Archive for the 'Retailing' Category

Diminishing returns for Black Friday

With the release of the NRF’s annual holiday shopping forecast comes a RetailWire discussion about Black Friday. The debate? Whether the event itself is essentially dead as a volume driver. My opinion? Not so fast:

“Killed” is too strong a word, because Black Friday still represents one of the biggest shopping days on the retail calendar. But the day has lost its punch for a number of reasons:

1. Most obviously, the shift from brick-and-mortar to e-commerce. With the growing number of store closings and “zombie malls,” this will be a bigger problem than ever throughout the 2017 holiday season.
2. The Thursday paper stuffed with promotional circulars doesn’t reach the huge number of Gen Y and Z shoppers who don’t even read the paper.
3. As stores have extended Black Friday opening hours into Thanksgiving itself, they have simply cannibalized their own business.

I could go on, and these are tough “macro” challenges for an individual retailer to overcome. Some of the potential solutions involve greater use of targeted social media and other messaging to reach younger customers…and this is true from early November all the way to the last crucial weekend before Christmas.

But the biggest challenge may be to make the sale offerings and merchandise content more compelling. Easier said than done (without months of advance planning), but the recent focus on putting entire assortments on sale — instead of key items at compelling price points — has drained Black Friday of its former sense of urgency.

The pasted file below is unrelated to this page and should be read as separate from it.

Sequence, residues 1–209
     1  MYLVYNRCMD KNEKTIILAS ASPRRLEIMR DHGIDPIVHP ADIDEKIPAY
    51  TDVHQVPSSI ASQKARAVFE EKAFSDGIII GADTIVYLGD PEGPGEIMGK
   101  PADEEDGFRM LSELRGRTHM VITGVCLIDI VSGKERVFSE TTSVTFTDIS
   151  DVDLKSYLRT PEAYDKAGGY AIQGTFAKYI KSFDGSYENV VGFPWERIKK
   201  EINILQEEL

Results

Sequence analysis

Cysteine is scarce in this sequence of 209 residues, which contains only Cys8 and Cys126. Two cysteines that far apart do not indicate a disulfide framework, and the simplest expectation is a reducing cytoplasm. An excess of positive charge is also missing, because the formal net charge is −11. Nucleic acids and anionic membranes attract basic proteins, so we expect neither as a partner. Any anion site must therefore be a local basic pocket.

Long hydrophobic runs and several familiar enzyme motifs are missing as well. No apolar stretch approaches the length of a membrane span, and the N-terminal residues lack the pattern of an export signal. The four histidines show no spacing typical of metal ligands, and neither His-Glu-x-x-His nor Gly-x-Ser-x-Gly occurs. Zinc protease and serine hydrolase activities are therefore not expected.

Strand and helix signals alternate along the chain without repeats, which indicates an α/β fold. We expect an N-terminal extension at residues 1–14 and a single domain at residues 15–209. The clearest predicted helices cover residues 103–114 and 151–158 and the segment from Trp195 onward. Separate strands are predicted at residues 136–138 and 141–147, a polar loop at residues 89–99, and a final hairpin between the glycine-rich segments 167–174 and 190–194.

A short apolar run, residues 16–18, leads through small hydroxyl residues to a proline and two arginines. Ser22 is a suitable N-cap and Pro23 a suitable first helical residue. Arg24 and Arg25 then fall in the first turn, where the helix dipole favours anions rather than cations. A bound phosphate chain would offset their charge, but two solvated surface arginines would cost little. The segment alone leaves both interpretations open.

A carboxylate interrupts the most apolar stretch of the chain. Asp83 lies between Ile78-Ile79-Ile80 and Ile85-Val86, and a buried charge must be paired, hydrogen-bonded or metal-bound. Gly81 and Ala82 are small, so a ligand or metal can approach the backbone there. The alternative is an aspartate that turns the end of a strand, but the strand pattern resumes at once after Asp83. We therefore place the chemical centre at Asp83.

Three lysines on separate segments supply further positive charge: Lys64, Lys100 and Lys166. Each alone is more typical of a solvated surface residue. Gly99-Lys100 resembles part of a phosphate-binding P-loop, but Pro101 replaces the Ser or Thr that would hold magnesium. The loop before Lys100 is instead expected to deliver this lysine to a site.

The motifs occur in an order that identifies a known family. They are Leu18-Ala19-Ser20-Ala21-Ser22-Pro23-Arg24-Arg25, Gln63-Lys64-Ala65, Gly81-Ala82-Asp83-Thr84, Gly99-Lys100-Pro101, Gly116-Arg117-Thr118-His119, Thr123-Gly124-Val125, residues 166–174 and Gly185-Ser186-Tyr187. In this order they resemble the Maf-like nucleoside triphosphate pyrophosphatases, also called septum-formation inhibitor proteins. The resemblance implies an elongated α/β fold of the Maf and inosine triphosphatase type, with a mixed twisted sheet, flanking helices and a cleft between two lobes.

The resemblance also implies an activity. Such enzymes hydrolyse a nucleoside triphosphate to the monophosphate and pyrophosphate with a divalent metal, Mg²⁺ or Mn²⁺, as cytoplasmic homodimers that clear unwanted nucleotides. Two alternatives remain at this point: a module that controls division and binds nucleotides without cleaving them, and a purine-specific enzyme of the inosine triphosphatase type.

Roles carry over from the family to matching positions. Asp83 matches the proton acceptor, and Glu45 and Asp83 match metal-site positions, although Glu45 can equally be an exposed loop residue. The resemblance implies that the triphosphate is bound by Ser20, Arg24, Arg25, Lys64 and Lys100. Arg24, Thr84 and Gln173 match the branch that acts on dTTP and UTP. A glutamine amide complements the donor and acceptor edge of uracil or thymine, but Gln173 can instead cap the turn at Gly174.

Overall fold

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Holiday hiring and the “omnichannel” challenge

Two recent (and related) comments from RetailWire on the subject of holiday hiring and whether stores are prepared to deal with the operational demands of omnichannel. First up, my take on the kinds of stresses on payroll and customer service that stores are trying to manage today:

BOPIS can have an impact on customer service especially in those stores where payroll is being stretched to manage “omnichannel” process instead of the shopper in the store. I’m thinking particularly of department stores (Macy’s, for one) whose higher-touch service standards have slipped while they are asking the same sales associates to cover additional tasks.

But there is another kind of “customer service” (in self-selection stores like Target and many others) that really depends on efficient restocking of fixtures and quick checkout. I don’t see BOPIS having the same kind of stressful effect on these stores’ service standards.

And here’s the second comment, published a few days later after Target and Macy’s revealed their holiday hiring plan:

Target’s hiring forecast vs. 2016 is a healthy sign, and Macy’s announcement is also a positive in light of the smaller store base. What both retailers are signaling is that they are figuring out the manpower requirements of omnichannel initiatives like BOPIS and ship-from-store without sacrificing the service standards they need to maintain in their core brick-and-mortar business. This seems to be a particular challenge at Macy’s, so it’s good to see them recognizing the cost of a solution.

 

 

 

Target’s choice: Cheap chic, or just cheap?

A brief RetailWire comment below on Target’s re-pricing of food and commodity basics,  which is something they periodically need to do:

Target periodically needs to reset its prices on commodities because of customers’ nagging perception that it charges too much. This has always been an issue with Walmart as its key competitor, and now Amazon adds to the challenge with its dive into the grocery price wars.

The key to making this work is to drive the higher-margin categories like apparel at the same time. (That’s really the key to the company’s success, not its grocery business.) Target’s reset of its private brands needs to accomplish this goal, otherwise the lower prices on food and household goods will only erode the company’s profitability.